Karl Marlantes’s debut novel Matterhorn, a New York Times Notable Book and winner of the Center for Fiction’s Flaherty-Dunnan First Novel Prize, has been hailed as a modern classic of war literature. In his new novel, Deep River, Marlantes turns to another mode of storytelling—the family epic—to craft a stunningly expansive narrative that is no less rich and honest in its depiction of human suffering, courage, and reinvention.
Born into a farm family in late nineteenth-century Finland, the three Koski siblings—Ilmari, Matti, and Aino—are brought up on the virtue of maintaining their sisu in the face of increasing hardship, especially after their nationalist father is arrested by imperial Russian authorities, never to be seen again. Lured by the prospects of the Homestead Act, Ilmari and Matti set sail for America, and the politicized young Aino, haunted by the specter of betrayal after her Marxist cell is disastrously exposed, follows soon after. Not far from the majestic Columbia River and in the shadow of Douglas firs a hundred meters high, the brothers have established themselves among a logging community in southern Washington, and it is here, in the New World, that each sibling comes into their own—Ilmari as the family’s spiritual rock; Matti as a fearless logger and the embodiment of the entrepreneurial spirit; and Aino as a fiercely independent woman and union activist who, time and again, sacrifices for the political beliefs that have sustained her through it all.
Layered with fascinating historical detail, this is a novel that breathes deeply of the sun-dappled forest and bears witness to the stump-ridden fields the loggers, and the first waves of modernity, leave behind. At its heart, Deep River is an extraordinarily ambitious exploration of the place of the individual, and of the immigrant, in an America still in the process of defining its own identity.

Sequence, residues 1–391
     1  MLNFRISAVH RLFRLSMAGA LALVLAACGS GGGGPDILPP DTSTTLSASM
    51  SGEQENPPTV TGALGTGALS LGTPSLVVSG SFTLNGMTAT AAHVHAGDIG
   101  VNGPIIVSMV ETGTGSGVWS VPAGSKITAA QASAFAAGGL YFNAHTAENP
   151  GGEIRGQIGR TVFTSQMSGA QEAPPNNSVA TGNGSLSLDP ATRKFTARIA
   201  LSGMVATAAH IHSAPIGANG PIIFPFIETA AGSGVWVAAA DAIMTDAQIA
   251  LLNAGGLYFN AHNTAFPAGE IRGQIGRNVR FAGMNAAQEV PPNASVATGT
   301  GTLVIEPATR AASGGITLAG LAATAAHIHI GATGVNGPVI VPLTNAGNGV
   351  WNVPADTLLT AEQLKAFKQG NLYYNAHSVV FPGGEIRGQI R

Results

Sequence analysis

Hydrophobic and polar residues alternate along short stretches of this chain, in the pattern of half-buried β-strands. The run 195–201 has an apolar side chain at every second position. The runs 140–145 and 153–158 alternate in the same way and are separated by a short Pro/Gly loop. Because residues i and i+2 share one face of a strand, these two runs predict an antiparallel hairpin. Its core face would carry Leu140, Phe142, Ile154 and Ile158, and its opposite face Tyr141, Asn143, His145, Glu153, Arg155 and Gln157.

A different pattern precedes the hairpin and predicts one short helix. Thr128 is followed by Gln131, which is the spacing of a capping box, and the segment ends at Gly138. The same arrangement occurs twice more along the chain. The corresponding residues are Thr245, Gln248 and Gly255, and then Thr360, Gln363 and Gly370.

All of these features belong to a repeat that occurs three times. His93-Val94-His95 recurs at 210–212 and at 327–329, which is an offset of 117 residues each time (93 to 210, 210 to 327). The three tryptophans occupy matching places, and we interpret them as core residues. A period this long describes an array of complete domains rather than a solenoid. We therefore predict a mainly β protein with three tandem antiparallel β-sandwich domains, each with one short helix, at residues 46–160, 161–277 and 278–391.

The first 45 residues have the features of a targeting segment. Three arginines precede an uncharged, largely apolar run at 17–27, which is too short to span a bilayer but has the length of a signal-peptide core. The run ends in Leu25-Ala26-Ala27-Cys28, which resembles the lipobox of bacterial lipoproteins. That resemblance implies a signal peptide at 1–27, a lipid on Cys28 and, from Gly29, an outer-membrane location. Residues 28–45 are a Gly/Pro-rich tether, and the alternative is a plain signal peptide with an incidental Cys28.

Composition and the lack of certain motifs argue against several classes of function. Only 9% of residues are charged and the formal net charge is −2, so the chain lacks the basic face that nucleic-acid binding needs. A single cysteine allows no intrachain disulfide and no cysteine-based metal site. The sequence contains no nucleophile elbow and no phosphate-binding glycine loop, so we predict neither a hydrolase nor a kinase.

Inspired by family history, Marlantes (Matterhorn) offers a sprawling, painstakingly realistic novel about Finnish immigrants in the Pacific Northwest during the first half of the 20th century. The saga begins in 1891 Russian-occupied Finland, when tenant farmers Ma jal isa and Tapio Koski lose three of their six children to cholera. Six years later, their oldest surviving son, Ilmari, now 18, departs for America. By 1903, he owns a farm and blacksmith shop on Washington's Deep River and dreams of building a church. Brother Matti joins him, and soon Matti is working as a logger and dreaming of starting his own company. Seventeen-year-old sister Aino arrives last, fleeing Finland after being tortured for revolutionary activity. In America, she campaigns for the Industrial Workers of the World. During the 1920s, as IWW activity is suppressed, Aino is separated from her family and even spends time in a Chicago jail. Meanwhile, through the Depression, the Koski siblings put considerable energy into a variety of enterprises including Sampo Manufacturing (timber) and Scandinavia's Best (salmon). Their perseverance despite hard times and conflicts exemplifies Finnish "sisu," a combination of determination, courage, tenacity, and endurance. Vasut ti the Chinookan basket-weaver/healer, Aksel the fisherman/bootlegger, and Louhi the whorehouse/saloon financier, provide assistance. Marlantes's epic is packed with intriguing detail about Finnish culture, Northwest landscapes, and 20th-century American history, making for a vivid immigrant family chronicle.